Just putting it out there, but does anyone else find it slightly ridiculous that LeBron James will be paid $19,067,500 for his efforts during the 2013/14 NBA season? Many would say it’s way too much already, considering he plays a game for a living – plus he’s got endorsement deals to go on top of that base figure. Others – Bill Simmons for instance – think that James’ check should be significantly larger, say, in the $75M range. After all, he has been named the NBA’s MVP 4 times, won 2 titles, lost another 2, and been a 7-time All-NBA 1st Team selection – and even that’s cutting his career resumé very, very, short. Either way you look at it, overpaid or undervalued, one thing is clear however; compared to baseball’s salaries, one of the best players in basketball’s history has been truly shafted by his union’s negotiating skills (or lack of).
Let’s take James’ current 2013/14 salary, $19,067,500, and see where it would land him amongst baseball’s highest (total salary) earners in 2014; 22rd, behind not only top players like Miguel Cabrera and Robinson Cano, but the slightly less desirable likes of Ryan Howard ($25,000,000), Mark Teixeira ($23,125,000) Carl Crawford ($21,107,142). He’s barely ahead of Mark Buehrle ($19,000,000), and will likely fall further behind as soon as Mike Trout puts pen to paper. Now admittedly, LeBron famously took less money to sign with the SuperFriends in Miami, so is only tied for the 8th highest salary in his own sporting field (with teammate Chris Bosh as it happens; Dywane Wade is no. 10), but even the very top NBA earners are overwhelmed in number by their baseball-playing peers. In fact, Only Kobe Bryant’s (egregiously awful – I’m a Suns fan) $30,453,805 2014 salary would crack baseball’s top 11 for the current calendar year – Dirk Nowitzki, if anyone’s interested, would check in at no. 12 – just behind Felix Hernandez – if such a joint rich list formally existed.
Now I’m not saying that baseball players don’t deserve their money (well, maybe in the cases of Howard, Teixera, Crawford et. al), but when looking at the similar revenues generated from the two sports, one thing is drastically apparent; one union clanked iron at the negotiating table, and the other smashed their labor deal out of the park. If the puns didn’t make it apparent, the MLBPA might be the strongest professional sports union in existence, whereas the NBPA, well, it blows.
Since 2000, NBA revenue is up 120 percent, from about $2.5 billion to $5.5 billion, while MLB revenue has also seen a significant, but similarly proportioned boom; it has increased from about $3.4 billion in 2000 to about $8 billion in 2013, good for a 135 percent jump. But while the MLBPA have long fought off a salary cap on players earning power, the NBPA famously agreed to maximum thresholds for the sport’s top stars in order to end the 204 day lockout which nearly nixed the league’s 1999 season. And in doing so, they preserved basketball’s middle class, but screwed the big stars. In the word’s of super-agent Art Tellem, “They are really stealing from LeBron.”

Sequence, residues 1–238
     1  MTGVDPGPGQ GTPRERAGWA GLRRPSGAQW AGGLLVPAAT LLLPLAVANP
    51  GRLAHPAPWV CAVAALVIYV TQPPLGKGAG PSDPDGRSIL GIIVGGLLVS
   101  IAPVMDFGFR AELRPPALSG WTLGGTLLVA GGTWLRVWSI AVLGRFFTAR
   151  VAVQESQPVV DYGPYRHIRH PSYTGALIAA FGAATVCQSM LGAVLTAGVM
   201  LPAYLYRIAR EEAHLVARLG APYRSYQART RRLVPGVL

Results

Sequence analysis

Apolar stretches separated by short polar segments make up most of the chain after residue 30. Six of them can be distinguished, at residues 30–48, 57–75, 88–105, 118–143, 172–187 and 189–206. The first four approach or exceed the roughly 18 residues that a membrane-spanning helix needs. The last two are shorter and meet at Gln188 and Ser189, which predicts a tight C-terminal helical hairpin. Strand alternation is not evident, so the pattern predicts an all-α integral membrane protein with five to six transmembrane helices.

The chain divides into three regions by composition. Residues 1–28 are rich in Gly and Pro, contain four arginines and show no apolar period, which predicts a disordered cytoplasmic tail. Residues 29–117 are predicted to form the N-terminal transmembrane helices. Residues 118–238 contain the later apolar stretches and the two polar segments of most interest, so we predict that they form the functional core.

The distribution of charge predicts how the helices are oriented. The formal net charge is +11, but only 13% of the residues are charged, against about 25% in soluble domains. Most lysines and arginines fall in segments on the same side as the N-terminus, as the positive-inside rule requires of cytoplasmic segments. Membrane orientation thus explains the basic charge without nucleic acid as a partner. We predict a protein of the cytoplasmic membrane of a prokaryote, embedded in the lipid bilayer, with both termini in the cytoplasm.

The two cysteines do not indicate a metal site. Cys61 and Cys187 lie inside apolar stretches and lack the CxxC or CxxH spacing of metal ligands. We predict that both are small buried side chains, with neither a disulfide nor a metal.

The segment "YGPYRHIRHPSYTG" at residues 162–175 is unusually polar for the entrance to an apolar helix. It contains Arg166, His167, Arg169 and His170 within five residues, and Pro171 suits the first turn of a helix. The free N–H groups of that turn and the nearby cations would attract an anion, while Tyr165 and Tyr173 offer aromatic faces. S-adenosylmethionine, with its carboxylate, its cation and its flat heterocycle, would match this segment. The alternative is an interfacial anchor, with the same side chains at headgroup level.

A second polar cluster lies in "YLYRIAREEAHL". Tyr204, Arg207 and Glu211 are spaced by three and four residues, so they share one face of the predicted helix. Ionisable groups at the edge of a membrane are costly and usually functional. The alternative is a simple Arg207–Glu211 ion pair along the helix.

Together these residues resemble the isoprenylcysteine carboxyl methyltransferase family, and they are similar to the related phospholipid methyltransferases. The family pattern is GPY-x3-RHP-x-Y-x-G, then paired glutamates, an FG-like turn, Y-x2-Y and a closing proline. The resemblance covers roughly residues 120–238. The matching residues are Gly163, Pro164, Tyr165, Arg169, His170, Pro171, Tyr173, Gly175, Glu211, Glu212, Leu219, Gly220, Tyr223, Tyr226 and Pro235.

Per Sports Business Journal, and spotrac.com, in 1999-2000, of the 20 players whose contracts had the highest average annual value, 11 were NBA players, led by Kevin Garnett at $21 million a year. Baseball made up the other 9, but Kevin Brown was the sport’s highest earner at only $15 million a year. By 2002-03 the distribution became a little more even; of the top 21 (three NBA players tied at No. 19 averaging $15 million a season), 11 were NBA and 10 were MLB, with Alex Rodriguez’s first 10-year deal significantly entering the fray. Fast forward to 2007-08, and the numbers had flipped – nine of the top 20 highest-paid players were in the NBA and 11 were in MLB, who in A-Rod and Johan Santana could boast sport’s top two highest earners. And finally, 2013, where of the top 21 highest-paid athletes in America (two players were tied for 20th place), 13 were MLB players, and only 6 NBA athletes (the other two were NFL quarterbacks Joe Flacco and Drew Brees). Furthermore, 8 of the top 10 deals belonged to baseball players – and this was all before Cano, Masahiro Tanaka, Clayton Kershaw or Jacoby Ellsbury signed new contracts this winter.
The discrepancy between the two sport’s top salaries really is remarkable, and even more so when you consider the proportional importance of individual players to each game; with only 5 players a side, a star in basketball can have much more impact than the one of the 9 players in a baseball lineup. Mike Trout being taken away from the Angels would cost them around 10 wins a season. When LeBron left Cleveland, the Cavs went from a league best 61 wins in 2009/10 to a conference-worst 19 the following season – a 42 win differential – and along the way also tied the longest losing streak in any American professional team sport (26). And you’re telling me Masahiro Tanaka, who has yet to throw a pitch in an MLB regular season game and will likely appear in 50 fewer games than James, will make $2,922,500 more than him in salary during 2014?
Seriously, well played MLBPA.